Healing hands

April 9, 2010
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According to the NORA Dermal Exposure Research Program (DERP) of the National Institute for Occupational Safety & Health (NIOSH), more than 13 million workers in the United States are potentially exposed to chemicals that can be absorbed through the skin.1 Those hazards can cause numerous skin irritations, ranging from simple dry skin to more advanced, painful and, ultimately, costly conditions such as dermatitis.

Many workers consider cracked or dry skin simply part of the job. But cracked skin, especially, can be cause for serious concern if harmful substances are able to more easily penetrate the skin’s compromised outer layer. Proactively addressing this critical aspect of workplace safety can reduce injuries and lost work time while contributing to a healthier, more productive workforce.

Proper skin care can actually impact your business’s bottom line, as the following “Countdown to Savings” will illustrate.

“3” – Provide a three-step skin care program
One effective way to help prevent skin irritation is to institute a three-step skin care program that begins with the application of an effective before-work cream, continues with the application of a skin-compatible cleanser, and concludes with the application of an after-work moisturizing cream, all products specific to the substances being handled.

Before Work: In many situations, gloves are not an option — e.g., due to the risk of getting caught in machinery or because they do not allow sufficient dexterity. Here, a before-work cream should be used to help maintain the integrity of the outer skin layer.

As with all personal protection equipment, base cream selection should be based on an appropriate hazard assessment, taking into account the nature of the work environment. All-purpose creams usually do not help. A hazard-specific product, backed by efficacy studies, is the key to starting your skin care program off right. Once identified, the appropriate before-work creams should be dispensed from a location that can be easily accessed. Small, portable, sample-size “squeeze tubes” tend to get misplaced. A wall-mounted dispenser near the wash-up area or locker room is preferable, as it allows more visible compliance.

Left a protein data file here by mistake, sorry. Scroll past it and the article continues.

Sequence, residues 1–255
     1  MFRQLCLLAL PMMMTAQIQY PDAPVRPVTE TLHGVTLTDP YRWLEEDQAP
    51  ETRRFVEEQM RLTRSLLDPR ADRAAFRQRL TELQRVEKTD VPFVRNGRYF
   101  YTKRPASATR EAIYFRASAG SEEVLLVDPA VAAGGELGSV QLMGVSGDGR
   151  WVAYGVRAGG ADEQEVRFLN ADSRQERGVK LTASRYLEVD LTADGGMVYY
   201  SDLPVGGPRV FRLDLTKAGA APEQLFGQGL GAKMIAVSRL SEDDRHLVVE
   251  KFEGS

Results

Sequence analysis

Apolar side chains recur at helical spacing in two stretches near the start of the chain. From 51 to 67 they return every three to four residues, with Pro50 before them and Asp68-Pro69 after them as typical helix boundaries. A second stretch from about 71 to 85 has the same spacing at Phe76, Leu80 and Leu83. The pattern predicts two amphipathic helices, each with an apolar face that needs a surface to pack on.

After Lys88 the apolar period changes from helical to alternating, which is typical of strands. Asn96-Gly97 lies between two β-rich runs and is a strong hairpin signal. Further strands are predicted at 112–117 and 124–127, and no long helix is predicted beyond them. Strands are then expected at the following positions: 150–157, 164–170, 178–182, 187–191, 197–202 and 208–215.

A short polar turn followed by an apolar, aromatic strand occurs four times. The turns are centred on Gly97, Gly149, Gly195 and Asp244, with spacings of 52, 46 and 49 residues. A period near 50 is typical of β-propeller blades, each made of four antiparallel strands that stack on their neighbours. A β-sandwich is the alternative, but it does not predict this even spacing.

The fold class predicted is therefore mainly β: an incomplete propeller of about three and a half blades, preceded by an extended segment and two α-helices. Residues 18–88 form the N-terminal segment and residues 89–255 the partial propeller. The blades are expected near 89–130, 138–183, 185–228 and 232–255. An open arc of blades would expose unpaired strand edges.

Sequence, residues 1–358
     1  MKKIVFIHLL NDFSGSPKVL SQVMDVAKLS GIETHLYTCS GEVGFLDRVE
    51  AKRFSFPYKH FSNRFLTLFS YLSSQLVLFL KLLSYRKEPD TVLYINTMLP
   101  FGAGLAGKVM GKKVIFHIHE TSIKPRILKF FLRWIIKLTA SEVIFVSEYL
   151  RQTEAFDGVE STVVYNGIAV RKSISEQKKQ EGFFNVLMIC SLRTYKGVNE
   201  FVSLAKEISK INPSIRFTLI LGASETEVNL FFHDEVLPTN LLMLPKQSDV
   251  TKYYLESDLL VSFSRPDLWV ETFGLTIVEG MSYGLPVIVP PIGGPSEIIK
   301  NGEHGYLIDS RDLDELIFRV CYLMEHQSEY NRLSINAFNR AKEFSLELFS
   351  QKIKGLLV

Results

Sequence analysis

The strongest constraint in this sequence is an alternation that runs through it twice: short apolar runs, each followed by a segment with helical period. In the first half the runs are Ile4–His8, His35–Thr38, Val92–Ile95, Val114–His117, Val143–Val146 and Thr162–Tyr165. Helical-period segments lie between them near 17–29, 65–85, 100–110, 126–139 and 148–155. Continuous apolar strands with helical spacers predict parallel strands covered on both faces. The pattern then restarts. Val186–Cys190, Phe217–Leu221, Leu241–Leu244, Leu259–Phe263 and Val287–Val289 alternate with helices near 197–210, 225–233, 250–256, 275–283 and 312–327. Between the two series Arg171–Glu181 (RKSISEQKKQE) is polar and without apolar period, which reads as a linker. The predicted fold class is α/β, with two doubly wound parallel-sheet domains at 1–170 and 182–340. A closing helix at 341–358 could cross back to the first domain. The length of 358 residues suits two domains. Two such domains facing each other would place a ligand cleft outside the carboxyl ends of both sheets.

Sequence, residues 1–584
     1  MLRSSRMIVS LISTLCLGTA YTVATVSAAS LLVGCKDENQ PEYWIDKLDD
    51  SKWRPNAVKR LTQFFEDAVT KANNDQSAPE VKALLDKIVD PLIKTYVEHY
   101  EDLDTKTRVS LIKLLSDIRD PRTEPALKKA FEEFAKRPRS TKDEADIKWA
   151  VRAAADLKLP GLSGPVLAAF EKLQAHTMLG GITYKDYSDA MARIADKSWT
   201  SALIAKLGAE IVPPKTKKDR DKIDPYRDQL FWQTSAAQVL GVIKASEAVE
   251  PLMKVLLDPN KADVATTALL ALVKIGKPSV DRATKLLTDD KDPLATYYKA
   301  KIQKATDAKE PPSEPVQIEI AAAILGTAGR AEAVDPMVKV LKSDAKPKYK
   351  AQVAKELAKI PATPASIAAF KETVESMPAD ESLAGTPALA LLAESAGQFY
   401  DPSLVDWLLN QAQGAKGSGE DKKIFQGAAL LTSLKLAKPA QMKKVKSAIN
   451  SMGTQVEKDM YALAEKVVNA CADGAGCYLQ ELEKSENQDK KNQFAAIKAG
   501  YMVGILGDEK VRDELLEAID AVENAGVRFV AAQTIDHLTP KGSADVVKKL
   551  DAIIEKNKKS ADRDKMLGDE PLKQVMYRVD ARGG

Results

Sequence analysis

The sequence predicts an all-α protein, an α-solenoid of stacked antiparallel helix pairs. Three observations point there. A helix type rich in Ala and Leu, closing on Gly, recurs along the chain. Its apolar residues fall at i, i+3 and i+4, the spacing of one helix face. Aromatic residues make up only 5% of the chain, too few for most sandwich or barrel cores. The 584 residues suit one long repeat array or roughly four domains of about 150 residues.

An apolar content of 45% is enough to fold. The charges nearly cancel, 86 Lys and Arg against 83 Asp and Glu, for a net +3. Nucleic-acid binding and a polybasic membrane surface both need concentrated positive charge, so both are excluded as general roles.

Hand Cleanser: The second step is to select the most appropriate type of hand cleanser. Avoid common cleaners such as paint thinner, abrasive powders, and solvent or d’limonene-based hand cleaners, so called “orange” hand soaps. According to the NIOSH Current Intelligence Bulletin 48 on Organic Solvent Neurotoxicity, certain chemicals found in common paint thinner, such as xylene, can be absorbed into the bloodstream within 15 minutes of contact with skin.2

Borax- and pumice-based abrasive hand cleaners strip away the skin’s natural barrier — the stratum corneum — increasing susceptibility to rashes and dermatitis. Petroleum-based solvents may cause a defatting action on the skin, while hand cleaners that contain orange d’limonene solvent may cause allergic reactions and dry skin.

Other potential contributors to dry skin conditions and dermatological issues include: cleaning hands with a product that is too aggressive for the hazard being removed, washing hands too frequently or with hot water (tepid is best), inadequately rinsing off the cleaning product, and using products containing pumice-based scrubbing agents.

After Work: Frequent skin contact with hazardous substances requires an effective after-work cream that helps the skin heal and regenerate. Most people are familiar with the benefits of using a good skin moisturizer to replace lost moisture and skin lipids, especially during winter months when the combination of lower outdoor humidity and heated indoor air results in additional moisture loss.